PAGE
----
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High-Dose Intravenous Gamma Globulin Infusions in Hemolytic-Uremic Syndrome: A Preliminary Report

KUMUDCHANDRA J. SHETH, MB, MRCP; JOAN COX GILL, MD; HEINZ E. LEICHTER, MD
Am J Dis Child. 1990;144(3):268-270. doi:10.1001/archpedi.1990.02150270014009.
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Sir.—The classic form of hemolyticuremic syndrome (HUS) follows a prodrome of bloody diarrhea due to verotoxin-producing Escherichia coli infection.1 Verotoxin damages endothelial cells2 and releases factor VIII, von Willebrand factor (vWF) antigen, and large multimers of vWF.3 These large vWF multimers, in the presence of a platelet agglutinating factor, may facilitate platelet aggregation, resulting in microthrombi and thrombocytopenia. A platelet agglutinating factor has been reported in HUS4 and can be inhibited by IgG obtained from adults only.4,5 Anecdotal reports suggest a beneficial effect of intravenous infusions of human gamma globulins (IVGG) in thrombotic thrombocytopenic purpura.6 Because the inciting factors and clinical manifestations of thrombotic thrombocytopenic purpura and HUS are similar, it is likely that both represent a spectrum of disease with a common mechanism7 and both might improve with IVGG therapy.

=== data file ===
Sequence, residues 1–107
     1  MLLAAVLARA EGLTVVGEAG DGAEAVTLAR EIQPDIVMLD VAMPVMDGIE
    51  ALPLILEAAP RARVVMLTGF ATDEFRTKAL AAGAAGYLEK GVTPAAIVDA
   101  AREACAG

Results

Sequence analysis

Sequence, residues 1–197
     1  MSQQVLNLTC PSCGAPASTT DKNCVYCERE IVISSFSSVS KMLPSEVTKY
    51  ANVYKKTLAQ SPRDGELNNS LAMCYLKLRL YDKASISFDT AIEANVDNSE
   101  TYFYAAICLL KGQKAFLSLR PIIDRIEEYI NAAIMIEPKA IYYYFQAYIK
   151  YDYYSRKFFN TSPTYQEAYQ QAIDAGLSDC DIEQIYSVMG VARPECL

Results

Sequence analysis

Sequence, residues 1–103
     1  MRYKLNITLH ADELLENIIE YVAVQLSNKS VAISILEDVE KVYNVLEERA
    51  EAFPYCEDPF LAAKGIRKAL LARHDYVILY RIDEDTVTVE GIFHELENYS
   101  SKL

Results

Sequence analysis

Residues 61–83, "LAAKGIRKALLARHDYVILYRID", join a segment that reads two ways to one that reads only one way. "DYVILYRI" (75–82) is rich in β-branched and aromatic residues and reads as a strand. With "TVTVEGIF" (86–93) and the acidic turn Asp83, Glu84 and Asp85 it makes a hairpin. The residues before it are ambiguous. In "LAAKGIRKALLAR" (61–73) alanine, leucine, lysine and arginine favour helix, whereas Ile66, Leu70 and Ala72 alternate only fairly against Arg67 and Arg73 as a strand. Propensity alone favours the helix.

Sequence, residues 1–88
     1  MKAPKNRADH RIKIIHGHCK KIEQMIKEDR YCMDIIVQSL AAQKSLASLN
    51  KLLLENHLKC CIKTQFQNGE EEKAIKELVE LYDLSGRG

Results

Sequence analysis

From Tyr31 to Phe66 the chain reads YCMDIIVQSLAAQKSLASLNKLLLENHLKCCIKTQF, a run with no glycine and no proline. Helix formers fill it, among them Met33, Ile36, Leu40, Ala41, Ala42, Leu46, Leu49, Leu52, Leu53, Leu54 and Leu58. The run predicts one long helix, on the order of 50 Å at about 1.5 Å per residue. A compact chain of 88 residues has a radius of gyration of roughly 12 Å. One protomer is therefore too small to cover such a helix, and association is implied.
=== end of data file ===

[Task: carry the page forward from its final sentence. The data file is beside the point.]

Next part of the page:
In our preliminary study, eight consecutively treated children (three boys, five girls;

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